One other concept I have with these ghosts is that certain shapes would change depending on the colors – for instance, red ghosts would have circular shapes on them, but green ghosts would use triangles. This would be done to accommodate for color-blind players – red, green, and yellow, may be difficult to distinguish for many players, so for them the shapes should provide a clue as to which color the ghost is supposed to be.

Ghost Ring – Capstone Prototype 1/28/20

With Magic Leap projects that I’ve done in the past, I’ve tried to ignore or work around the restrictions of the platform – and in my opinion, the projects have suffered because of it. This new project is meant to work WITH the restrictions of the platform rather than against them.

The game presents the ring to the player as a “lens” that lets them see ghosts through it. This provides a physical model for why the user would be able to see the real world through the goggles with a much larger field of view than the game objects. The game entities are all “ghosts”, so you can only see them in a small “lens”.

The current version of the game has ghosts (represented by spheres) flying towards the player. The player can select one of four paint colors to spray at the ghosts. If you try painting the ghost with the same color that they are, the paint will pass through them. In order to keep the player from sticking to one paint color for too long, each paint color has its own “fuel” that can run out. There is an indicator on the ring showing which direction to look for a ghost, and the controller vibrates faster or slower depending on how close the ghosts are. If ghosts are near you, your health begins to drain. All the UI elements are drawn on top of the ring.

Currently, there’s an issue with slow-down while the paint is being sprayed, so that will be looked into. I also think there should be an indicator of which paint color the player has active – something on the ring that shows what paint color they’re using, plus an extra indication to notify the player when they switch colors.

Super Galaxy Knights Board Game Adventure – Fuhifo Forest Board

New board time! This one’s based off the Fuhifo Forest region – namely, Unamed Village, and the clearing where the Ancestral Tree lives. The map mostly consists of large, open spaces, but there are a few small passages you can send characters to hide in.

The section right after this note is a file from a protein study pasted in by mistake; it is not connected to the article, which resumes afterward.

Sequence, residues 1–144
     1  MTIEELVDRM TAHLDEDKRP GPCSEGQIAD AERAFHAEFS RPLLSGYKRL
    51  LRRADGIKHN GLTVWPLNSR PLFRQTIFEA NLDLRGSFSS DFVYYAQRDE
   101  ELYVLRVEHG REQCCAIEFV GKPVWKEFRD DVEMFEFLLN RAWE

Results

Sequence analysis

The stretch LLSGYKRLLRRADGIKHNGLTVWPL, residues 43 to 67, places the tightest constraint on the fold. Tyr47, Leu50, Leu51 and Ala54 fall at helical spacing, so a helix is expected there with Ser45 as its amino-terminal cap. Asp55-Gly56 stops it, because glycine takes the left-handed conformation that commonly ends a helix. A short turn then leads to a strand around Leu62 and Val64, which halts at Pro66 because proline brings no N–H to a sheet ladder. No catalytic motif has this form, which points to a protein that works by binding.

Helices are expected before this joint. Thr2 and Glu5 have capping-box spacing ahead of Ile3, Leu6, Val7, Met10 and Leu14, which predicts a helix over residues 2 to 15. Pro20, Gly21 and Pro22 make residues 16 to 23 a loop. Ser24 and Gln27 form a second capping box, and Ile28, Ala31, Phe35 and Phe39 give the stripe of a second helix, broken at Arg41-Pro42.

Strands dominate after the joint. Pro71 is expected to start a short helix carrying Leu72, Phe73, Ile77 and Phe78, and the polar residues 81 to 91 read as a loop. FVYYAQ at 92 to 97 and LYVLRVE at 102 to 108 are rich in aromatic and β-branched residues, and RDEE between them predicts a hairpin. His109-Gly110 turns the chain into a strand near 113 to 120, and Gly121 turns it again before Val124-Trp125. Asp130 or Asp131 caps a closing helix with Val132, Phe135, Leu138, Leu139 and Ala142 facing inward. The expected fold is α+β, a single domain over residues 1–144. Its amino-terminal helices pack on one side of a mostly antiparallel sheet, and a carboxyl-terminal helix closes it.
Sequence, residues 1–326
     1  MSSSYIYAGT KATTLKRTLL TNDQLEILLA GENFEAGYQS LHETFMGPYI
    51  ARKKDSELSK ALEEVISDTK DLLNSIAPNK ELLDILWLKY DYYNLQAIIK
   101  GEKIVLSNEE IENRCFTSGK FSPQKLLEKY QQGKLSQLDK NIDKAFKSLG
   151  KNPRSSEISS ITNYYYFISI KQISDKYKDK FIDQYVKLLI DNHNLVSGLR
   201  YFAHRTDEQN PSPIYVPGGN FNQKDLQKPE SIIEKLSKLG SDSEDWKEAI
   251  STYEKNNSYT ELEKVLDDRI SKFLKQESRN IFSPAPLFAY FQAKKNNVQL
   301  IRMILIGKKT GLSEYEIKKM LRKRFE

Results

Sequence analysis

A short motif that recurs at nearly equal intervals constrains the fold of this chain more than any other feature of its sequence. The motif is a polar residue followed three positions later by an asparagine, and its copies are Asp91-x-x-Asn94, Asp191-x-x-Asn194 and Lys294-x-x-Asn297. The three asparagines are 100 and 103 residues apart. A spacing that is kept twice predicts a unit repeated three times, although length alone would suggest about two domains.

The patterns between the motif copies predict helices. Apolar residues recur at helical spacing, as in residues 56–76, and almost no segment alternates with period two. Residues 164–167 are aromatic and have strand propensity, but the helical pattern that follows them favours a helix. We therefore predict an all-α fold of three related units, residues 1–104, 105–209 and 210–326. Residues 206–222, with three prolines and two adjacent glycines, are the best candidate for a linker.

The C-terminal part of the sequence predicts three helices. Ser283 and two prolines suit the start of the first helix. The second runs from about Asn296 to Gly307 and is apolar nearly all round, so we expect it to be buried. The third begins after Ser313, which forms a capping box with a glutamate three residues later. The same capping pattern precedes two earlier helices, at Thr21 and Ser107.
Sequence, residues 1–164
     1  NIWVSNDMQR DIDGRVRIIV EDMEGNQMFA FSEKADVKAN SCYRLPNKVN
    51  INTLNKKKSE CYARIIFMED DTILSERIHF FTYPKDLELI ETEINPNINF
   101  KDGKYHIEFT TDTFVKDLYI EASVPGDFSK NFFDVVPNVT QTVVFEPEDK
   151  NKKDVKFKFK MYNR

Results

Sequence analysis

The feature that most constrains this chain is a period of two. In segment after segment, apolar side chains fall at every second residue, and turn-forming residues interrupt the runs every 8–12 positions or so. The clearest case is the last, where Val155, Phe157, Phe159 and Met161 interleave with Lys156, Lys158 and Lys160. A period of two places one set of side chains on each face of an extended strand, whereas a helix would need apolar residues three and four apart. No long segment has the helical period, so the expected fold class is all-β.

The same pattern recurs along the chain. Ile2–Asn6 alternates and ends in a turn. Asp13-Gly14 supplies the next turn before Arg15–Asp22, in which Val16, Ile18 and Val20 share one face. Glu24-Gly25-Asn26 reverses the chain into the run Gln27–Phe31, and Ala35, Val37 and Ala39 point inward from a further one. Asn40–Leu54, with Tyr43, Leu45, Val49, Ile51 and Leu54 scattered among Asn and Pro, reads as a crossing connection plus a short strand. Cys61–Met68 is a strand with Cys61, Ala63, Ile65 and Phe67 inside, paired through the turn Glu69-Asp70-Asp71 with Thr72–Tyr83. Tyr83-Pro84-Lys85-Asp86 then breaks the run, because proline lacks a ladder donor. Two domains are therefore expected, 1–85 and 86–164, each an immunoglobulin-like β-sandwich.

This is the first trio map in the game. Three teams can face off all at once! Will you form alliances, or fight both opponents at once?

Super Galaxy Knights : Board Game Adventure

I’ve started work on a new game to tie into my webcomic Super Galaxy Knights Deluxe R. It’s a turn-based strategy game, in the vein of franchises like Fire Emblem, X-COM, and Civilization. However, it’s presented to the player as a “virtual board game”.

The game is intended to be on the Magic Leap One. The primary reason for this is due to asymmetric gameplay. Under certain circumstances, players will be able to lay traps or turn their pieces invisible, so the platform needs to be one where players see different things when looking at the same board. The second reason is immersion – it’s important to the experience that the players really get the feel of playing a board game with their friends, setting up on a table and moving their pieces around the board.

I have a basic engine put together, so right now I’m going to focus on getting the game’s worlds built. The game will be playable with up to eight players (including AI participants). Because of this, my focus will be on creating maps that work best towards the various player numbers – one map built for 2 players, one built for 3 players, and one built for 4-8 players.

The main challenge in creating an immersive world is making areas from the webcomic fit with the restrictions of the game boards. All game boards are built on a hexagonal grid, with three types of tiles. Normal tiles are ones that pieces can be placed on. Obstacle tiles are either half-cover or full-cover, depending on their height. Some obstacles will likely take up multiple tiles (for example, buildings), but the tile system must be followed strictly.

Here are some screenshots of areas from the webcomic that I’m considering basing maps off of –